Insight into Pseudomonas aeruginosa pyocyanin production under low-shear modeled microgravity
Long-term space flight impairs the immune system of astronauts, rendering them vulnerable to opportunistic infections. Pseudomonas aeruginosa causes opportunistic infections, particularly in individuals with a compromised immune system; it can be a major health hazard for astronauts during space flight missions. Hence, the production of the most abundant redox active virulence factor, pyocyanin by P. aeruginosa, was assessed under low-shear modeled microgravity (LSMMG) conditions, simulated using a high aspect ratio vessel. Moreover, we evaluated changes in the expression of genes involved in pyocyanin biosynthesis and genes involved in the MexGHI-OpmD operon quorum sensing. Extracellular DNA and H2O2 production were measured, and their correlation with pyocyanin production was examined. Interestingly, the pyocyanin quantity was 2.58-fold lower in the LSMMG conditions compared to the normal gravity. LSMMG caused downregulation of the genes associated with pyocyanin biosynthesis. Interestingly, extracellular DNA and H2O2 release were significantly high in the normal gravity environment. Scanning electron microscopy revealed aggregation and elongated cells under LSMMG. Taken together, these findings suggest that LSMMG did not induce pyocyanin secretion in P. aeruginosa.
KeywordsLow-shear modeled microgravity Pyocyanin Pseudomonas aeruginosa
The SEM samples were analyzed using the JEM-2010 (JEOL) installed at the Center for University-Wide Research Facilities (CURF) at Chonbuk National University. We thank Mrs. Eun-Jin Choi at the CURF at Chonbuk National University for SEM analysis.
This research was supported by Buan RIS Resource Project (Grand no. R0001102) and funds of Chonbuk National University.
Compliance with ethical standards
Conflict of interest
Authors do not have any conflicts of interest.
- 1.Iglewski BH (1996) Pseudomonas. In: Baron S (ed) Medical microbiology, 4th edn. University of Texas Medical Branch at Galveston, GalvestonGoogle Scholar
- 8.Bruce RJ, Ott CM, Skuratov VM, Pierson DL (2005) Microbial surveillance of potable water sources of the International Space Station. SAE Technical PaperGoogle Scholar
- 9.Reidt U, Halwig A, Muller G, Plobner L, Lugmayr V, Kharin S, Smirnov Y, Novikova N, Lenic J, Fetter V (2017) Detection of microorganisms onboard the international space station using an electronic nose. Gravit Space Res 5:89–111Google Scholar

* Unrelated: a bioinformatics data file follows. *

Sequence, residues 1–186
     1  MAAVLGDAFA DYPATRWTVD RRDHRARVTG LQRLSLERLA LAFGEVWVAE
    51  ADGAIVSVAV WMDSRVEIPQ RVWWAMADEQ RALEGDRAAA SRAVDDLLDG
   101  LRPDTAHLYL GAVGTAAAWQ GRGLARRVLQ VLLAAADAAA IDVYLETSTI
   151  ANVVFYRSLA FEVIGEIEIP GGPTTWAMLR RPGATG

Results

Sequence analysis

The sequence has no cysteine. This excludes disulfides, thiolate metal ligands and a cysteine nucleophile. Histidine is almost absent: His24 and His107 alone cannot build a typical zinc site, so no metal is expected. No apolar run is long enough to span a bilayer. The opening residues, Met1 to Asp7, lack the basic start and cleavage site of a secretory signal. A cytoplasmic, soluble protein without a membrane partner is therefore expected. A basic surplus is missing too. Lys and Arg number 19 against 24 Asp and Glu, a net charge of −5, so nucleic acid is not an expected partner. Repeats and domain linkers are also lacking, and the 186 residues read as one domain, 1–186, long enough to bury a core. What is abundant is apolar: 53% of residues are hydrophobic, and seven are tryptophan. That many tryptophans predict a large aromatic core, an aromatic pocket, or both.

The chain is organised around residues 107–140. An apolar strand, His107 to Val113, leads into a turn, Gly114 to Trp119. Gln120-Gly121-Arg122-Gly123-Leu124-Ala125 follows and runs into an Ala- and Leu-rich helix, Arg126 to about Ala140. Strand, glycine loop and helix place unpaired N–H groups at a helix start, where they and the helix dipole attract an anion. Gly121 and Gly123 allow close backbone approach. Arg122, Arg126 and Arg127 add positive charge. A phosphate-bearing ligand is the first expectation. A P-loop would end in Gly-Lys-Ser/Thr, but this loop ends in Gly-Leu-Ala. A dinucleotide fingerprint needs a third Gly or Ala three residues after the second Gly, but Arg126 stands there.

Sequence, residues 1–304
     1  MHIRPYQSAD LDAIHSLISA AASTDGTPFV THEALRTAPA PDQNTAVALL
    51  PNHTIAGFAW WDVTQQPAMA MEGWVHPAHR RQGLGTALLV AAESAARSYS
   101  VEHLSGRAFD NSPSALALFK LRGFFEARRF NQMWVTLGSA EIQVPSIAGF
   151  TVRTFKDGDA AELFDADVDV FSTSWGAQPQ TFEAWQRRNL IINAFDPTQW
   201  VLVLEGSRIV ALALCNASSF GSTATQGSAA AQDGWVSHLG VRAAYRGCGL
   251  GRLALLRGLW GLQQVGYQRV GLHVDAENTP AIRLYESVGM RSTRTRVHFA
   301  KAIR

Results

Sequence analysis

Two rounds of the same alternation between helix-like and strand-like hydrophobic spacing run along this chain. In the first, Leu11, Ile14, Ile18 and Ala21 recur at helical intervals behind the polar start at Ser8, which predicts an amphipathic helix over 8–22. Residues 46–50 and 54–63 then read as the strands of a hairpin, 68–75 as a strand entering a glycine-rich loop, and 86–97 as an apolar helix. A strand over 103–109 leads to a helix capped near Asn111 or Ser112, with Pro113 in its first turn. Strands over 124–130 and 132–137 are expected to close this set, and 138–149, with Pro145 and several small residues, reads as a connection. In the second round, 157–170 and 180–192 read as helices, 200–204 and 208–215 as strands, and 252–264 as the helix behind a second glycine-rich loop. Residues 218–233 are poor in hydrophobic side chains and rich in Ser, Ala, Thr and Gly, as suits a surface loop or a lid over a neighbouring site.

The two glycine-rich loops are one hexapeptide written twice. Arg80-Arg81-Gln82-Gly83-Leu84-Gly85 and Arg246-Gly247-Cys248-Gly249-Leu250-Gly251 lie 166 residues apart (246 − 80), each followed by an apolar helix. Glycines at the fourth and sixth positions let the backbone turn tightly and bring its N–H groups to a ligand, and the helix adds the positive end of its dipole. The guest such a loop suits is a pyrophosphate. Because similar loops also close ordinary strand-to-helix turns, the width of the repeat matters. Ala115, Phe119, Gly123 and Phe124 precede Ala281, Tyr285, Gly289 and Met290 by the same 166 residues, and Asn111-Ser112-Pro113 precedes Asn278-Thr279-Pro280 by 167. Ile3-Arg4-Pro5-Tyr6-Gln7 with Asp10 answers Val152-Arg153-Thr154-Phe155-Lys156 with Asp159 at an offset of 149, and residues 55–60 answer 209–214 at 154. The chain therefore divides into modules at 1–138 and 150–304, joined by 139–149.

- 13.Rai B, Kaur J, Catalina M (2010) Bone mineral density, bone mineral content, gingival crevicular fluid (matrix metalloproteinases. cathepsin K, osteocalcin), and salivary and serum osteocalcin levels in human mandible and alveolar bone under conditions of simulated microgravity. J Oral Sci 52:385–390CrossRefPubMedGoogle Scholar
- 16.Crabbé A, Schurr MJ, Monsieurs P, Morici L, Schurr J, Wilson JW, Ott CM, Tsaprailis G, Pierson DL, Stefanyshyn-Piper H (2011) Transcriptional and proteomic responses of Pseudomonas aeruginosa PAO1 to spaceflight conditions involve Hfq regulation and reveal a role for oxygen. Appl Environ Microbiol 77:1221–1230CrossRefPubMedGoogle Scholar
- 21.Crabbé A, Ledesma MA, Ott CM, Nickerson CA (2016) Response of Pseudomonas aeruginosa to spaceflight and spaceflight analogue culture: implications for astronaut health and the clinic. Effect of spaceflight and spaceflight analogue culture on human and microbial cells. Springer, BerlinGoogle Scholar
- 27.Nowroozi J, Sepahi AA, Rashnonejad A (2012) Pyocyanine biosynthetic genes in clinical and environmental isolates of Pseudomonas aeruginosa and detection of pyocyanine’s antimicrobial effects with or without colloidal silver nanoparticles. Cell J (Yakhteh) 14:7Google Scholar
- 31.Palma M, Zurita J, Ferreras JA, Worgall S, Larone DH, Shi L, Campagne F, Quadri LE (2005) Pseudomonas aeruginosa SoxR does not conform to the archetypal paradigm for SoxR-dependent regulation of the bacterial oxidative stress adaptive response. Infect Immun 73:2958–2966CrossRefPubMedPubMedCentralGoogle Scholar
- 32.Aendekerk S, Diggle SP, Song Z, Høiby N, Cornelis P, Williams P, Camara M (2005) The MexGHI-OpmD multidrug efflux pump controls growth, antibiotic susceptibility and virulence in Pseudomonas aeruginosa via 4-quinolone-dependent cell-to-cell communication. Microbiology 151:1113–1125CrossRefPubMedGoogle Scholar
- 40.Abshire CF, Prasai K, Soto I, Shi R, Concha M, Baddoo M, Flemington EK, Ennis DG, Scott RS, Harrison L (2016) Exposure of Mycobacterium marinum to low-shear modeled microgravity: effect on growth, the transcriptome and survival under stress. NPJ Microgravity 2:16038CrossRefPubMedPubMedCentralGoogle Scholar